How to buy a budget mobile phone in 2018

If you’re planning to buy a budget phone in this year, you must make sure your phone phone should be able to accomplish the basic tasks for this era.

The requirements of a phone

  • Make phone calls
  • Make and receive SMS
  • Handle WhatsApp application
  • Have a decent web browser
  • Have a flash or torch light

Facebook app is not a necessity as m.faceboook.com is very useable in the mobile web browser. You’ll have no problem connecting with your a Facebook “friends”.

The technical specifications

RAM: 2GB

RAM is the most important element to consider while buying a new phone. Anything less than 2GB will make the phone unusable: you might not be able to even answer calls. Your phone might freeze and that would be very embarrassing.

Network and LAN: 3.5G and WiFi

3.5G (also known as HSDPA) is what I would recommend as minimum standard. It has ample speed for WhatsApp and Facebook’s messenger. It’s fast enough to browse through Facebook picture posts. Moreover, 4G is not yet available everywhere on the Island so no need to have it now if you’re on a budget.

Internal Storage: 16GB with MicroSD slot or 32GB without MicroSD

Do not go any less than 16GB for internal storage. Android stubbornly installs some apps on the internal memory only despite having an external storage. Insufficient internal storage would mean that some apps might not be able to update after some times and you will not be able to install new apps from Play Store.

Camera: 5MP Rear Camera

5MP I would say is the minimum for acceptable pictures to be posted on Facebook. If you like to take selfies, your front camera will have to be at least 4MP.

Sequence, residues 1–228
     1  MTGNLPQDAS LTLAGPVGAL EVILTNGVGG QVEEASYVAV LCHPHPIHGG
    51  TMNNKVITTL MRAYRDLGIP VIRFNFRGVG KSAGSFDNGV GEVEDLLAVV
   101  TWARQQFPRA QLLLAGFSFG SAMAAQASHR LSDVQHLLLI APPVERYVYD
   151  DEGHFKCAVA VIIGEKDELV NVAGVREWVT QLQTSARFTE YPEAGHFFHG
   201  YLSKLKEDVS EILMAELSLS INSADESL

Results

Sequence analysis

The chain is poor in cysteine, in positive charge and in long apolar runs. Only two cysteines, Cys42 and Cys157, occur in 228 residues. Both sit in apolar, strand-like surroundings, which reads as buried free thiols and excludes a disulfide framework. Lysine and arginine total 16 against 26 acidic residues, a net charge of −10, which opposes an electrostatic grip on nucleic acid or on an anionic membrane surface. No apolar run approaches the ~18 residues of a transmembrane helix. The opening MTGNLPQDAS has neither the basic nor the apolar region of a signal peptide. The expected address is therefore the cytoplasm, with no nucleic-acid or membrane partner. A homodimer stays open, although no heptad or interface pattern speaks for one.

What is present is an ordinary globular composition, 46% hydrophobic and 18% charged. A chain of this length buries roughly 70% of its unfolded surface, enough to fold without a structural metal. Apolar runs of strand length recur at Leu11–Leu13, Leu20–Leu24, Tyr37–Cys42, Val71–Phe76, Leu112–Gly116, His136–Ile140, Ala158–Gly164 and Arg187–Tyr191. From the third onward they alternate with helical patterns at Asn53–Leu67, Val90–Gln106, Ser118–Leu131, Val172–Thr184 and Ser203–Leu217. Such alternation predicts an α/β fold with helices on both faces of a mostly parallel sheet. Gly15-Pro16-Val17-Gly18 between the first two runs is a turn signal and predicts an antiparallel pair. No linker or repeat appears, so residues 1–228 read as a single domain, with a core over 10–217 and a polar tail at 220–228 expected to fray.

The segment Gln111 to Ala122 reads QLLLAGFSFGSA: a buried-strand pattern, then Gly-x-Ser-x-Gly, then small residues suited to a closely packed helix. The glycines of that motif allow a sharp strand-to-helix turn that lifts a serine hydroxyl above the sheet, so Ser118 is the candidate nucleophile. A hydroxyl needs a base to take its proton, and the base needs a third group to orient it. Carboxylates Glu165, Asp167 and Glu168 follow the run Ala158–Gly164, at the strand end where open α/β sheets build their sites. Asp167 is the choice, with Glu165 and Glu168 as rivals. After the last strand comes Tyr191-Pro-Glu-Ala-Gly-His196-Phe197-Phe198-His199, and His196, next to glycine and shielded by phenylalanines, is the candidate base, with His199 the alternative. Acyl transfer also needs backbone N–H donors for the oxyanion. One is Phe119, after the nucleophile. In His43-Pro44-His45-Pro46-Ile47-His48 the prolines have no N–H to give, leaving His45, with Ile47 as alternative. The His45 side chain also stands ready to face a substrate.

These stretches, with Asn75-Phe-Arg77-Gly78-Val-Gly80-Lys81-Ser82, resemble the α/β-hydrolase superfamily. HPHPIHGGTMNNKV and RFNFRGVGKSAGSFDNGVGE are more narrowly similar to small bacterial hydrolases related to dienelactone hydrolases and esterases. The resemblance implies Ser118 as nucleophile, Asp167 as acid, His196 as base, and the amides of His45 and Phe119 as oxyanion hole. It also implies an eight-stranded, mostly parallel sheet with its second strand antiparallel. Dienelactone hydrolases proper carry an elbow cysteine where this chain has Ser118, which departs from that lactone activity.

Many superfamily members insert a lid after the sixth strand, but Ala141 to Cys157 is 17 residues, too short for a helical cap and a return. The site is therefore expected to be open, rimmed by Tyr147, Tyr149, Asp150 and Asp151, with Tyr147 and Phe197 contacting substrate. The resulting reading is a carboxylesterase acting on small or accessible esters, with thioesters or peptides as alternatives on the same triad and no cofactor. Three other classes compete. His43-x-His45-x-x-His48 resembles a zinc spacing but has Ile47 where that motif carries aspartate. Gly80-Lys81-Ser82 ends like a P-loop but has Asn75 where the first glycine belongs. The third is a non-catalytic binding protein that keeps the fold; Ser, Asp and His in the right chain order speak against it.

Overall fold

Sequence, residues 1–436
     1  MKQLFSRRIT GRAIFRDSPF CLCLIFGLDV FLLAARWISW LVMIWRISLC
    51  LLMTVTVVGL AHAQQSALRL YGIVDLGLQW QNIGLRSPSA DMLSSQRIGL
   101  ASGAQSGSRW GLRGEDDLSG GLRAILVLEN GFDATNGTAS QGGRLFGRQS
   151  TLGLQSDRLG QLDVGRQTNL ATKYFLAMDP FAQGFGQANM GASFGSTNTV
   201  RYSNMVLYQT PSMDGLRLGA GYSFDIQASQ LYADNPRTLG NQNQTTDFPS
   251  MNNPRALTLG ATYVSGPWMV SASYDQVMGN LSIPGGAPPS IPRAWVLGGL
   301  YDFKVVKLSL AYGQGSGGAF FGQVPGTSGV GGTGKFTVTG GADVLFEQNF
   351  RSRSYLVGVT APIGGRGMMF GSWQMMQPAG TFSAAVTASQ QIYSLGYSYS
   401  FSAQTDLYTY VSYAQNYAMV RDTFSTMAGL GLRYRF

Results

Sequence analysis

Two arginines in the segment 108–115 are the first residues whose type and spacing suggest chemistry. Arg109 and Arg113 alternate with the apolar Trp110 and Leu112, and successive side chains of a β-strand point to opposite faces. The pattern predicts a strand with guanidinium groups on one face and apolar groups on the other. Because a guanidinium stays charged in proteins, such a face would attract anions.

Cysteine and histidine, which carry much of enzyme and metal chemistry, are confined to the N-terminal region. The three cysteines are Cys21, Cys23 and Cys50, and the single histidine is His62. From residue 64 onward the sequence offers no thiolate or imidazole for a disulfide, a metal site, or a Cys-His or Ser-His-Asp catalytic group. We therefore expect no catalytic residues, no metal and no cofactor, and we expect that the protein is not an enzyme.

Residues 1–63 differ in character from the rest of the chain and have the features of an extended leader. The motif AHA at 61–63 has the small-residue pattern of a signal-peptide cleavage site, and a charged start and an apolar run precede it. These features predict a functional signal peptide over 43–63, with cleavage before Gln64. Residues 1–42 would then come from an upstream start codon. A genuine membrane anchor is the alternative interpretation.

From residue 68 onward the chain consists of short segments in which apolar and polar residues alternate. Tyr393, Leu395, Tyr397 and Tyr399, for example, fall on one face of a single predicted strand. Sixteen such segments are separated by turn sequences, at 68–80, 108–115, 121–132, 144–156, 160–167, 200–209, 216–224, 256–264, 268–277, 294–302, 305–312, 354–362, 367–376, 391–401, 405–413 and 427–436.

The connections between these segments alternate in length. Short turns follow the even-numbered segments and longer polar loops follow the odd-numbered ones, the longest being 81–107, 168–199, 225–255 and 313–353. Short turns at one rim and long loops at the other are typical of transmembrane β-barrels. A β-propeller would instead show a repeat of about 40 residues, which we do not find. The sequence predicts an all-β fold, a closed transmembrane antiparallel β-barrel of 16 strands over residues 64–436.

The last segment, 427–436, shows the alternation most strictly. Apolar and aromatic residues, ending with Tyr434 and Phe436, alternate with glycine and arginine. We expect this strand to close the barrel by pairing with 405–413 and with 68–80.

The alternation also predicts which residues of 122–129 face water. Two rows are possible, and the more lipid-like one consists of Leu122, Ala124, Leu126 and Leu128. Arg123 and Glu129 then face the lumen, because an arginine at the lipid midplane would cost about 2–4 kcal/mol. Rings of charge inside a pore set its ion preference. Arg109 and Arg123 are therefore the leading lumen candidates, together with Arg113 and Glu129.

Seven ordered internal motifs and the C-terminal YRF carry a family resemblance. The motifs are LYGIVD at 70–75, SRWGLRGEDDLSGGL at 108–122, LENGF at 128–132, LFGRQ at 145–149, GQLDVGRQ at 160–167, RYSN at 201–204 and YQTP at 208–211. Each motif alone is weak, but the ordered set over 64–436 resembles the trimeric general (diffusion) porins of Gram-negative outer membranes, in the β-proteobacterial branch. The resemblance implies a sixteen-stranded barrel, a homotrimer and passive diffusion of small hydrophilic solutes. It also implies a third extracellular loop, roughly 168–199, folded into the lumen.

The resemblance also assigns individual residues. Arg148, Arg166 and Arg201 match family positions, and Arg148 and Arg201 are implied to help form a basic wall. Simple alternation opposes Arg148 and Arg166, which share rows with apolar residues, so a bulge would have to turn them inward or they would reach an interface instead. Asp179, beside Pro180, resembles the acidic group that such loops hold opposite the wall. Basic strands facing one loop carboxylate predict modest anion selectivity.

CPU: Quad core

If it has a quad core or better processor, It should be fine for daily usage.

Display: 5 inch 720p

As per experience, a screen smaller than 5 inches might be a bit too squeezy. The screen resolution needs to be atleast 720p for adequate web browsing and for viewing pictures and videos.

GPS

Most modern phone come with GPS inbuilt already but it’s always a good idea to confirm that it has one.

Operating System: Android 6

Do not buy a phone that has an android version that’s too old. For the year 2018, I think Android 6 would be sufficiently supported for the next 2 or 3 years for atleast the basic apps such as GMail and WhatsApp.

If you have any more recommendation, feel free to share in the comment section and share with your friends 🙂

Windows 10 ‘Task Manager’ is Awesome. Someone please port it to Linux

“Give credit to whom credit due.” – Samuel Adams

I must say the Task Manager on Windows 10 is amazing.

All the classic information I want to know is there: how much CPU, RAM, Disk, Network (WiFI and Bluetooth).  Recently they added tabs about GPUs usage. I got an Intel HD Graphics 620 and NVIDIA GEFORCE 940MX on my ASUS ZenBook.

You even get details on each program and which GPUs they are using

Additionally we get information about Disk and Network usage per process which is very helpful.

Last but not least, the Task Manager is very powerful but by default opens with a very minimal UI.

 

This approach is very in line with KDE Plasma’s moto:

Simple by Default Powerful When Needed

 

Mobile Phone as a Hotspot for Windows 10 in Mauritius

Yes you can. But in reality, you shouldn’t unless you have unlimited mobile data.

Since Microsoft can decide when to send updates to your laptop and update it whenever they want, you won’t have an idea whether you 100MB mobile data will be sufficient to write that that job application email or browse Facebook for 10 minutes.

A linux operating system on the other hand allows you to have control on when you want it to be upgraded. I highly recommend Ubuntu LTS or KDE Neon (also based on Ubuntu LTS). I also recommend Chilli’s Zeness Pack which give you 750MB of mobile data for Rs 75 per month. I think it’s a really good deal. The Chilli network is not always available in some remote areas though.